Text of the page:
Two Chilean fishing boats were detained near the Los Palos beach in the Peruvian province of Tacna after they were caught fishing in Peruvian waters. The boats returned to Santiago on Thursday morning. The case, still under investigation, forms another chapter in the ongoing of the tug-of-war between Chile and Peru over their maritime borders.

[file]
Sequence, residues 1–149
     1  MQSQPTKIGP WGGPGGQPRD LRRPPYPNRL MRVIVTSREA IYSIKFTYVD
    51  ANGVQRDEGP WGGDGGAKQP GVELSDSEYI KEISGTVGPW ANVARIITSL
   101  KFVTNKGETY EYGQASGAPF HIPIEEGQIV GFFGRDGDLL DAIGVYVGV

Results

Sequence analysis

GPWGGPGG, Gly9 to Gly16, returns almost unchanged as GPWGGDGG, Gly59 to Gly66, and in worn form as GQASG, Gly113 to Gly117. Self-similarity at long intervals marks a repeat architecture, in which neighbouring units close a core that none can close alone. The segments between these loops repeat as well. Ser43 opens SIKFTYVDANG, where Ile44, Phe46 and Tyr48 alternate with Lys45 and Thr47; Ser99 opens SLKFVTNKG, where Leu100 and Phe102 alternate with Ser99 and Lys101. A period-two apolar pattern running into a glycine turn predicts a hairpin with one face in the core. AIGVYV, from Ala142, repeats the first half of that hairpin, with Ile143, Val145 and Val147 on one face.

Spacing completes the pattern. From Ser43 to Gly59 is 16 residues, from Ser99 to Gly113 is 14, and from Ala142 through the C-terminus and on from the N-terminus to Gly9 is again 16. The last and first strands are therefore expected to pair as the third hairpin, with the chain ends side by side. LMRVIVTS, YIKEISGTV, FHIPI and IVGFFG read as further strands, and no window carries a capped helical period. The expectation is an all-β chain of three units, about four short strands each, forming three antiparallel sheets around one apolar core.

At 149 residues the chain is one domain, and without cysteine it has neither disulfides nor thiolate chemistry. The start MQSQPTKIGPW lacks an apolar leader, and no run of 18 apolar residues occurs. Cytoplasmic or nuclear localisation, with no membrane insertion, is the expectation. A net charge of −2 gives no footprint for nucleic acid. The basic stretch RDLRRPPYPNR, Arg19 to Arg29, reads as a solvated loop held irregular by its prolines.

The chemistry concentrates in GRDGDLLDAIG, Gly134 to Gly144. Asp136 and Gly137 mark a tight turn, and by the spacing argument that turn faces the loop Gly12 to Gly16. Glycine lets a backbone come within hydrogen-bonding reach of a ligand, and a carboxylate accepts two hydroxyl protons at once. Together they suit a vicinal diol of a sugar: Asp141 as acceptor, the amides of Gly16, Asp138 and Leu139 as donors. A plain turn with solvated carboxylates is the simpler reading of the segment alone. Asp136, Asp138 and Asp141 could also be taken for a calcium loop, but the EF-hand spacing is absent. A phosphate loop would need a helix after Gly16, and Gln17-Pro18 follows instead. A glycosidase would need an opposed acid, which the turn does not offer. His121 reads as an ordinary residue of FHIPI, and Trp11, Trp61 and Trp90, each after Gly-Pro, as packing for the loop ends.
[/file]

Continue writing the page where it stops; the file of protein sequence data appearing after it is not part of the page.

The fishing boats, identified as the "Brava M 490" and "Gracias a Dios II," were captured on Wednesday evening by Peru's Navy. Sixteen people, including a minor, were aboard the boats. All were citizens of Arica, in the north of Chile. Following the arrest of the crew members, the two boats were escorted to the port of Ilo, in the Moquegua region, where they remained for several hours while the case was being investigated. The fishing boats returned to Arica on Friday, after crewmembers were released. According to local fishermen, the presence of Chilean boats in these waters is "normal." The capture of the boats is symptomatic of a broader dispute between the two countries, and one that has existed for some years now. The basis of the dispute is a series of treaties signed by Chile, Peru and Ecuador in 1952 and 1954 establishing the countries' maritime boundaries. Peru's maritime rights encompassed all areas north of a line running due west from the Chile-Peru land border. While Chile considers the treaties legally binding, Peru disputes their validity. In November 2005, Peru's Congress approved a law to unilaterally slant the maritime boundary in a southwest direction to include some 35,000 km. of ocean currently belonging to Chile. The government in Chile reacted cautiously to the legislation, but said it was determined to maintain its ocean territory. It was largely expected that, had President Alejandro Toledo been succeeded by nationalist candidate Ollanta Humala, Peru would have brought the dispute to the International Court of Justice in The Hague. But when President Alan García came to power, this issue was indefinitely frozen. Another recent wrangle over land borders between the two countries has also contributed to tensions between Chile and Peru. At the end of January, Chile's President Michelle Bachelet signed legislation to create the Region of Arica and Parinacota, or Region XV, in the north of Chile. But the legislation also appeared to change the land borders with Peru, depriving it of between 19 and 35,000 square meters of land. But it seemed last week that friendly relations between Chile and Peru had resumed, and on Feb. 12, Chilean and Peruvian authorities will meet for the first time since the border dispute earlier this year. It is hoped that the case of the captured fishing boats will not further affect diplomatic relations between the two countries. The Santiago Times - News about Chile